For instance, the number of customers acquired is a lagging indicator as it tells you how you did. The number of webinars delivered could be a leading metric if you know that webinars are the main source of leads that convert to customers over a 90-120 period. Now you can see months ahead if you are going to make your numbers or not based upon your conversion percentages and length of sales cycle.
While on the journey, it is important to update everyone on progress or change in direction, however slight, and inform and ask them how they can continue to help. It is also important to make sure that everyone has and understands their role in the process. If they get stuck, they should be encouraged to ask for help.
The final key is to meet on a regular basis to make adjustments along the way. Please note that I did not say status updates. I am a firm believer that meetings should drive forward progress, not provide a look in the rear view mirror as their primary purpose. Status updates should be provided prior to the meeting in writing.
These updates should be read prior to the meeting. Their content will provide a valuable look at the progress each group or individual has made toward achieving the main goal(s) or steps towards that goal. The reader will bring his/her questions to the meeting for clarification or discussion/debate. The meeting itself should be used to make adjustments.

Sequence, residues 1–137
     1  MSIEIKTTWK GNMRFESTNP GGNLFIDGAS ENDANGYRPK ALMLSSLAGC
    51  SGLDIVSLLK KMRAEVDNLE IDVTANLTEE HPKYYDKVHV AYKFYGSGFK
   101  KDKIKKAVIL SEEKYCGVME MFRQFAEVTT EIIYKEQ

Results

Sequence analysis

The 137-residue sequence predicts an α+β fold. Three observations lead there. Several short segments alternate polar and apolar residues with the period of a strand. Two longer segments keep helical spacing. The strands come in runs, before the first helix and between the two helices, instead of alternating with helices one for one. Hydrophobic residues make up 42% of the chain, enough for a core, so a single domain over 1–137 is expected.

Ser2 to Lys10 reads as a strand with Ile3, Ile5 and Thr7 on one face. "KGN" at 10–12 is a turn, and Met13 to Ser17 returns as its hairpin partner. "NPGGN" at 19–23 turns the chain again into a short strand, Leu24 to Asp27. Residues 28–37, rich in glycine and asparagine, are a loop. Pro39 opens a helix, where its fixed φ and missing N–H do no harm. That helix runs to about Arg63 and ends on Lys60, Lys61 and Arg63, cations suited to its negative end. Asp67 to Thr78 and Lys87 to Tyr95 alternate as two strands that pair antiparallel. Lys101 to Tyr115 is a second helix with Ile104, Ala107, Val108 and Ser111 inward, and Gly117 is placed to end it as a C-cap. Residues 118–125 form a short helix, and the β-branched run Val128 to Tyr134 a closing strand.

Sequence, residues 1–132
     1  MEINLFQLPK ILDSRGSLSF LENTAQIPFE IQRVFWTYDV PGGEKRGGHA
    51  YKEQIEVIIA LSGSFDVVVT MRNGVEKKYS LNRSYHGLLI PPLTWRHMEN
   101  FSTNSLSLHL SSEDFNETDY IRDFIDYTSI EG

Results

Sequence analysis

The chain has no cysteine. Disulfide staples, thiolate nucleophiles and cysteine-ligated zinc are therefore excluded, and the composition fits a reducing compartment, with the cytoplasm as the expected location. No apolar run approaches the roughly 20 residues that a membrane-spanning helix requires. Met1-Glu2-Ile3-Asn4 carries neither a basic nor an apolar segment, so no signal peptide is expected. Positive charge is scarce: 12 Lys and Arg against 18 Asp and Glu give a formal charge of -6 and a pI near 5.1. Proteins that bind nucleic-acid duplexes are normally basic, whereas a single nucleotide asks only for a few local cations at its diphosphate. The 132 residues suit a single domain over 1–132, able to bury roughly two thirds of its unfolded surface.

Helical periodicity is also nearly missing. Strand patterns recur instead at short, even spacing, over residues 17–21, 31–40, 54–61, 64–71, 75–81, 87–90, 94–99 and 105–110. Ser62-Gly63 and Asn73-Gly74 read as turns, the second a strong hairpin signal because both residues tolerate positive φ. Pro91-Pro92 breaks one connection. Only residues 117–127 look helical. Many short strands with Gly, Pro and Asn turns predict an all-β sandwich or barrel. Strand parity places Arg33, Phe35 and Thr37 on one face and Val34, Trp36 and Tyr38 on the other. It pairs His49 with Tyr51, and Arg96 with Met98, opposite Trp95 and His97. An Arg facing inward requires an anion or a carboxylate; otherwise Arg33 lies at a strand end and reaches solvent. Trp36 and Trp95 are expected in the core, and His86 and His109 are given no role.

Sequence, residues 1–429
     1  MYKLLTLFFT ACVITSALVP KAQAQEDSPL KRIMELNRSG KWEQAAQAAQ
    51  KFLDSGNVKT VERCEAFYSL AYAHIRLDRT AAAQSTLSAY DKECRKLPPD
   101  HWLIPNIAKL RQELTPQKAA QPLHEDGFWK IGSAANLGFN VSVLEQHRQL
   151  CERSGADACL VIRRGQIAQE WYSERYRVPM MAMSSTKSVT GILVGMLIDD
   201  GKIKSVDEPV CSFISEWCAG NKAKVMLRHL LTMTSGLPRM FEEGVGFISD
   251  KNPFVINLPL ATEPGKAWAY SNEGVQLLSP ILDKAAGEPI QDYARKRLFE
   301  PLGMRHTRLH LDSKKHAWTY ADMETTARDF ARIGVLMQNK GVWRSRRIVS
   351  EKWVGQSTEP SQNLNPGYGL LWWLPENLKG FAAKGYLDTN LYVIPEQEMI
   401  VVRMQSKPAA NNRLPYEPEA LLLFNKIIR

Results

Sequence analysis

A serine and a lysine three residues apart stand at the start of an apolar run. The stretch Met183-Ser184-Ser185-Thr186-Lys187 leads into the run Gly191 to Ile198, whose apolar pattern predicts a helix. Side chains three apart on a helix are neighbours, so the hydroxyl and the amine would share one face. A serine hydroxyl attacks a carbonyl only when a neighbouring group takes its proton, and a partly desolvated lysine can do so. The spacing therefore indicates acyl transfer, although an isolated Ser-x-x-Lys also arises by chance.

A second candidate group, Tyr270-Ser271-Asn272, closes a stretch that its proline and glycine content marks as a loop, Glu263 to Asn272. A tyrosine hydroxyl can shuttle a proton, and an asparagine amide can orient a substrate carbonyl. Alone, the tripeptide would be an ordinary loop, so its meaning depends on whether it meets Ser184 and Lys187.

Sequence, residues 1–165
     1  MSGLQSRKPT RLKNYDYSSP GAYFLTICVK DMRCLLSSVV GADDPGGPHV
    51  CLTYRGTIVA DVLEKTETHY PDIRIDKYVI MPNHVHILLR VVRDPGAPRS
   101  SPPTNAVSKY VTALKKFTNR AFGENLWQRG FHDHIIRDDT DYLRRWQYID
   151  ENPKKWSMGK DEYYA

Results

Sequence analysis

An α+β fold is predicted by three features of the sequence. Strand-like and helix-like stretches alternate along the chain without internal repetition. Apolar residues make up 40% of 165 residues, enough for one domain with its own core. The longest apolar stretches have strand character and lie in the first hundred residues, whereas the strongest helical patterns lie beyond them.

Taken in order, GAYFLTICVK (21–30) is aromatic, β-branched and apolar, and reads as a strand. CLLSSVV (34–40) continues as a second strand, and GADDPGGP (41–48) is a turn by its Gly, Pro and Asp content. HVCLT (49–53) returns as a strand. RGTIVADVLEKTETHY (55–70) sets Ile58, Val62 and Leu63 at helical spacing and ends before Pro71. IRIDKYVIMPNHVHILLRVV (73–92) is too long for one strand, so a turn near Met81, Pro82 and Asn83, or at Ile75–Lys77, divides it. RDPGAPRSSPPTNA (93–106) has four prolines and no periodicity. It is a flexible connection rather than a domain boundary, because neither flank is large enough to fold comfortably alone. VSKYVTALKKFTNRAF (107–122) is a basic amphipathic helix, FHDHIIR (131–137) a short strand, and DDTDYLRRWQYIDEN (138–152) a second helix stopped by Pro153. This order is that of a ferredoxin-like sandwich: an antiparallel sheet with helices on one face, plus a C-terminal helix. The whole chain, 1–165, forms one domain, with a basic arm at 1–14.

If you are not running into issues along the way, I recommend that you set more challenging goals.
Please click here for some suggested agendas and purposes for daily, weekly and monthly meetings.
Compelling execution questions
Execution is basically about the bottom line results and/or profit. Growth sucks cash and a great source of cash is from your customers. The following set of questions can help determine how well you are executing in your organization and generating greater profit:
- Are all the processes in your company running smoothly – without drama?
- Are they driving industry-leading profitability?
If so, great. If not, why not?
We all seek some level of predictability as do our customers. Customers tend to get a bit squeamish if they cannot rely on you to consistently deliver your perceived value as that inconsistency affects their ability to get their jobs done. If you fail enough times and make their jobs harder to do, you will be replaced.
Once you have a clear annual plan, I recommend strongly that you minimally break it down into quarterly if not monthly and maybe even weekly plans based upon the speed of your business. The quarterly and monthly planning processes should be nearly identical to the annual but with some minor adjustments.
To sum up:
- Individual goals and key steps are assigned to one person each for accountability with others given responsibility to help achieve them.
- Each should have metrics to calculate progress – leading and lagging at a minimum but not so many that you get lost in numbers.
- Regular meetings should be held to keep everyone informed so changes can be made well before there is a major crisis and everyone feels involved and heard.
We have one more post to complete the series of Start-up to Scale-up. Thank you to those who have stuck with me so far and a big thanks to those that like, comment and share. I greatly appreciate it and hope you are able to find one or two nuggets that are useful for your business.
Cash – the fuel for your growth. See you next time.
If you would like to review any of the previous posts in this series or any of the dozens of others I have written to date, please click here.